Introduction to Tableau and Data Visualization

Context Filters

We will explore the concept of context filters by building a plot which analyzes the sales of subcategories in 2011.

Drag Order Date and Sub-Category to the rows shelf, and Sales to the columns shelf.

The next step is to filter the view based on the year. As always, drag the field that you want to filter by to the filter shelf, and only show values for the year 2011.

Your next step is to filter the top 5 office supply sub-categories with the most sales.

What if we simply drag sub-categories into the filters shelf, choose top 5 by the sales field?

Then, what if we dragged Categories to the filter shelf, and filtered everything but office supplies?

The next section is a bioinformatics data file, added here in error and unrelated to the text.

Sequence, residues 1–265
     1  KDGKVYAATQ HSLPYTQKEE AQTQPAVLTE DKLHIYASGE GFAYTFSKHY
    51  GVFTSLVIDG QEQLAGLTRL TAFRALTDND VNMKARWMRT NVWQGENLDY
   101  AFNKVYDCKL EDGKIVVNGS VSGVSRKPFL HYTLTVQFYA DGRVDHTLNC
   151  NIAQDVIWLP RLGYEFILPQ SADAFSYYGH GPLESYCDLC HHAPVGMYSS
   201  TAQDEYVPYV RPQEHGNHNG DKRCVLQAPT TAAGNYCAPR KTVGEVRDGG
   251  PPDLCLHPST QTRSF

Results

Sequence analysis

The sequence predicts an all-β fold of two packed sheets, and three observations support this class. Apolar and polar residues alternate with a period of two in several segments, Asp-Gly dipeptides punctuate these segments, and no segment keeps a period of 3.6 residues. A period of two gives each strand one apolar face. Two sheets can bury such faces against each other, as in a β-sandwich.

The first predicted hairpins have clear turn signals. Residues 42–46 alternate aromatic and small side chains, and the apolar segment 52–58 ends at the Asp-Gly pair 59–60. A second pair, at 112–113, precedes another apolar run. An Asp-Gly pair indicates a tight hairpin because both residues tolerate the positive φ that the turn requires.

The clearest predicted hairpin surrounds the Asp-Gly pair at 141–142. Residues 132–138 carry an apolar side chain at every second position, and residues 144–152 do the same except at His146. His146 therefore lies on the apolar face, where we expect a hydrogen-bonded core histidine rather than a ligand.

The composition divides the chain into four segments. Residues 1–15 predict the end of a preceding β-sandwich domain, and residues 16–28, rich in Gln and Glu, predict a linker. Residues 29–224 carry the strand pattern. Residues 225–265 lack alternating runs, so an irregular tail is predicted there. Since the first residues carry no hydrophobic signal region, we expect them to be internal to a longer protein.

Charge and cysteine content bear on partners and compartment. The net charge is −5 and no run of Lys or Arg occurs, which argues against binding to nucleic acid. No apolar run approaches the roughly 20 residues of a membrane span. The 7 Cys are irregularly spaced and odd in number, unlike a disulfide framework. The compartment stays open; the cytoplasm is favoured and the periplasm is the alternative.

Uh-oh! The result of this is a single office supply sub-category, even though we asked for top 5. What happened?!?!

This is expected since all of these filters are independent of each other. Each filter reads all the rows in the data source without regard to the other filters and creates its own result. In our case, the sub-category filter selects the top 5 sub-categories based on the entire data source

If I were to now add the category filter which removes everything that's not an office supply, it would only show storage as it is the only office supply within that list of values.

We need to specify an order such that the Categories filter starts by removing all subcategories that are not office supplies, and then have the sub-category filter only process that data.

To do this, right click on category, and choose add to context.

There you go! This is a common case, where we have a second filter that depends on the values returned by the initial context filter.‍

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